The Boldness of Photographers: How Do They Do It?

I wrote a while ago about my growing interest in iPhoneography. I by no means consider myself a photographer, but have enjoyed learning more about composing, taking, and editing pictures with my iPhone.

As my interest in this hobby grows, I find myself “seeing” photos as I’m out and about, just living and moving through my normal daily life. Subjects include people, signs, building, landscape, you name it. Problem is, sometimes capturing those images involves me feeling – and probably looking – a little silly.

Below is a picture I took of a field on a corner neighboring our subdivision. The yellow wildflowers made a lovely blanket, and with the trees as a backdrop, you could almost grab this one single image and forget you were in the suburbs.

field of yellow wildflowers

(taken with Hipstamatic app, John S Lens, Ina's 1969 Film, No Flash)

Believe it or not, a busy road runs directly behind where I stood to take this picture, and I got plenty of honks and a few shouts as I crouched out there to get this shot. A little embarrassing!

This next picture is the underside of the bleachers at a high school track. Our son had just finished an event there, and the angles of the structure caught my eye. My husband chuckled as the two of them stood waiting for me to grab this shot. I’m sure several people leaving the event wondered “What on earth is she taking a picture of?”

underside of bleachers

(taken with Camera+ app with the Depth of Field effect and a Frame)

Finally, the picture below is of the steeple at our church’s chapel building. It was taken while I waited for my son to finish with Scouts one night. Several other church members passed me on the walk into the building, looking at me, then looking up, then looking at me again. Also a little embarrassing.

chapel photo

(taken with Hipstamatic app, Jimmy Lens, Blanko Film, No Flash)

I’ve had several other instances of feeling and looking a bit goofy while trying to take a photo: snapping a picture of my neighbor’s brightly-colored flowers (I felt like I was trespassing!), capturing the cows in the field behind my son’s school (what is she doing hanging around school property after hours?), trying to master the “distorted photo effect” with my iPhone (why is she standing in the street, waving her iPhone around in front of her?).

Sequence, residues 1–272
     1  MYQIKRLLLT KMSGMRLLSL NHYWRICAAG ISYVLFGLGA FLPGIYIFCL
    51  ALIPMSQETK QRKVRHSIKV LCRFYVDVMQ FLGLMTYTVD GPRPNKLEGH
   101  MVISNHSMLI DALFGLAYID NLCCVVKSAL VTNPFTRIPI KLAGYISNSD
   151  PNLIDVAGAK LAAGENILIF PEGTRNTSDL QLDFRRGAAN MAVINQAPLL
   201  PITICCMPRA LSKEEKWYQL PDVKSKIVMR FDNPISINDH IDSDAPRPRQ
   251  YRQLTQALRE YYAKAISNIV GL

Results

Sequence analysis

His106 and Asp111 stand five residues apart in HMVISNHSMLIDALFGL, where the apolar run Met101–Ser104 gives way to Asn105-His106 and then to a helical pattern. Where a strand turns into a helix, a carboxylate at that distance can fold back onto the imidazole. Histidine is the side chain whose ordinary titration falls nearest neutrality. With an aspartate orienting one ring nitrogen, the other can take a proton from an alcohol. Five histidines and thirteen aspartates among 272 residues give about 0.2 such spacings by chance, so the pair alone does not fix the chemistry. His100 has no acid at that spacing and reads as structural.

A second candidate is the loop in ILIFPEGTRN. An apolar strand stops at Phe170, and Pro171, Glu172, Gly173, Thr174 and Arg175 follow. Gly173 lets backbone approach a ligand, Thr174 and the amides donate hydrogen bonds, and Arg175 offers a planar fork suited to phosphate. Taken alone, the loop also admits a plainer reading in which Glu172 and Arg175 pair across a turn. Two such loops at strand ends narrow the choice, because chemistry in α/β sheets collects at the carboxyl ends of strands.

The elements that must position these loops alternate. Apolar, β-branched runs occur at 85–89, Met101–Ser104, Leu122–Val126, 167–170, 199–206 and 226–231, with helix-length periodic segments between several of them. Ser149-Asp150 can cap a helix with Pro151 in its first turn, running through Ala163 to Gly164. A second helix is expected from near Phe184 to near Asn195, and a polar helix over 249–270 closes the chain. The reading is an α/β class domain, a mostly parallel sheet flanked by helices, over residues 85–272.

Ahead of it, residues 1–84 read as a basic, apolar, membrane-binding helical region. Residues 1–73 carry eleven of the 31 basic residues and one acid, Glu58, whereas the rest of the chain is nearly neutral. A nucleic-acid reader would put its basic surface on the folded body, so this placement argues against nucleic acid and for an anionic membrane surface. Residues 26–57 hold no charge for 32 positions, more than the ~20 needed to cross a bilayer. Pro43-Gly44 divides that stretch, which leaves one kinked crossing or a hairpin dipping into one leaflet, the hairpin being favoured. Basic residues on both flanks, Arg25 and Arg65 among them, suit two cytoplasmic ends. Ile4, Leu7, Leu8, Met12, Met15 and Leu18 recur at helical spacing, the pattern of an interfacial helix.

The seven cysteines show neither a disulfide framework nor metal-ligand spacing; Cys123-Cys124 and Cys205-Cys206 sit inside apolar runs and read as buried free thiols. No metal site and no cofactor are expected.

My question is: how do photographers get past that awkwardness? How do they adopt the boldness they need to grab the shot, no matter what others may be thinking while they’re crouched, perched, poised, or positioned in some potentially strange places? One of my newest obsessions is the Humans of New York Facebook Page – photographer Brandon’s “effort to create a photographic census of the city of New York, with an eye toward creating artistic portraits of strangers on the street.” He is nothing if not amazingly bold, and his photos are often genius. How does he do it?

If you’re a photographer, how do YOU do it? I’d love to hear any of your stories or suggestions while I work to get over my timidity and learn to grab more great photos!


  • Dimondliane

    Hi Stacey, I love your question. As when starting anything that’s new you will have sometime to adjust to it. Once you start seeing the results of your “moments of awkwardness” and you start trusting that you have an eye for photography and you do have a great eye for photography the awkwardness becomes confidence. The next time you think someone is looking at you oddly as you snap a photo, show then the photo, so they can see it through your eye. I know they will be impressed by what you can see that they couldn’t. Have a great day and keep taking pictures, they are great!